The Host (2013)
★ / ★★★★
A perfect world now exists because of extraterrestrial beings who have taken over the planet via controlling people’s bodies. Meanwhile, humans who managed to escape the main invasion are continually on the run. When Melanie (Saoirse Ronan) plunges to her death, her body is taken to the infirmary. An alien called Wanderer, just about the size of one’s palm, is put inside her. But Melanie is an anomaly. Instead of her mind and body being completely taken over by the parasite, she remains to have some control. Wanderer cannot help but be fascinated by the human experience despite the fact that it is assigned to go through her host’s memory in order to discover the rebels’ hideout.
“The Host,” based on the novel by Stephenie Meyer, falls into the trappings of syrupy romance despite the fact that its universe offers a whole lot more than dealing with trivial problems like being torn between two boys. Since its approach is small when the bigger picture demands to be explored, the majority of the picture ends up being a bore, mostly taking place in a cave where there is in-fighting. It does not warrant two hours of our time.
The protagonist lacks depth. The screenplay has not found a way to circumvent the fact that since Melanie’s body is split into having two minds, every thought she has is expressed–whether it be the original Melanie or the alien’s. As a result, the lack of subtlety makes the character one-dimensional when she really should be the most complex. Ronan tries to make the most out of the role, but she really cannot do much other than look sad or robotic depending on the situation.
There is a lack of a detestable villain. The Seeker (Diane Kruger) is potentially interesting in the beginning. Kruger plays her to be very calculating and cold. However, once the hunt for Melanie’s body begins, we see her mostly driving a helicopter, a car, or shooting at people. Later in the film, she changes a little bit (prior to going under the knife) but I had a difficult time believing the charade due to the absence of a believable, smooth character arc. Many changes within the characters seem to occur on a whim which is at times confusing–or just very poorly written.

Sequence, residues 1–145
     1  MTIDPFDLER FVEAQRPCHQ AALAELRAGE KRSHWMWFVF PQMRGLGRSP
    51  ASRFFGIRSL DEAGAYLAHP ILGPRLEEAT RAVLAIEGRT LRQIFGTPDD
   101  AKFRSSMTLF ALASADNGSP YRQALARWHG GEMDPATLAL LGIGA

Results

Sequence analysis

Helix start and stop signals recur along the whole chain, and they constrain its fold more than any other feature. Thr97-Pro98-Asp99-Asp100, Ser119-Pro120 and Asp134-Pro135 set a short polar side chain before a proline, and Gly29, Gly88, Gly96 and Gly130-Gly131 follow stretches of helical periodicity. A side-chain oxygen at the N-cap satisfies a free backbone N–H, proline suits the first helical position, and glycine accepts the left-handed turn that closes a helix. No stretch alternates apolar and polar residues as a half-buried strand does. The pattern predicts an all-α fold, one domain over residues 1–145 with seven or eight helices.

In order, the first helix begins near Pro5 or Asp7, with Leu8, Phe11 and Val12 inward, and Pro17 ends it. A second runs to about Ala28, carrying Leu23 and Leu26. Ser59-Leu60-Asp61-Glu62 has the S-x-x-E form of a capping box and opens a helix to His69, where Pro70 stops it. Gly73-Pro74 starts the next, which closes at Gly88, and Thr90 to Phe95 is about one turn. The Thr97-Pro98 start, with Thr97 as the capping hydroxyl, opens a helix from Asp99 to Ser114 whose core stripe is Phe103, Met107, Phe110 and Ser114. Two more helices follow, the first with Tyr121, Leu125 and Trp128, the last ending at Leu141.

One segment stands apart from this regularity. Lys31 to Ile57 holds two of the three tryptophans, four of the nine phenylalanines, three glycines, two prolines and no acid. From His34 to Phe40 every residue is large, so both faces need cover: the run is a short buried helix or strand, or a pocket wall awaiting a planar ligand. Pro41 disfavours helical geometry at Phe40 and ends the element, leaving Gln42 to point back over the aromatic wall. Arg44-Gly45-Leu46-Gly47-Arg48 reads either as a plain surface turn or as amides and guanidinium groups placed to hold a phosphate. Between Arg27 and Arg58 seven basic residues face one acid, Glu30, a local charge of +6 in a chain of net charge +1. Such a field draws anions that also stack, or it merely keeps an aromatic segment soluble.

The flashbacks are corny and elementary. One of the things that bother me in the movies is when I sense that characters are being introduced as if we were watching a parade. The flashbacks employ this approach and so when events are supposed to be sweet or emotional, I caught myself snickering at the mawkishness of the scene.
Based on the screenplay and directed by Andrew Niccol, “The Host” offers some neat images like a field of wheat grown inside a massive cave, but pretty images do not save the material from a deficiency of ambition or even a sense of very energetic fun. For the most part, one will find himself waiting for something to happen. When it finally does, the rewards are few and unfulfilling.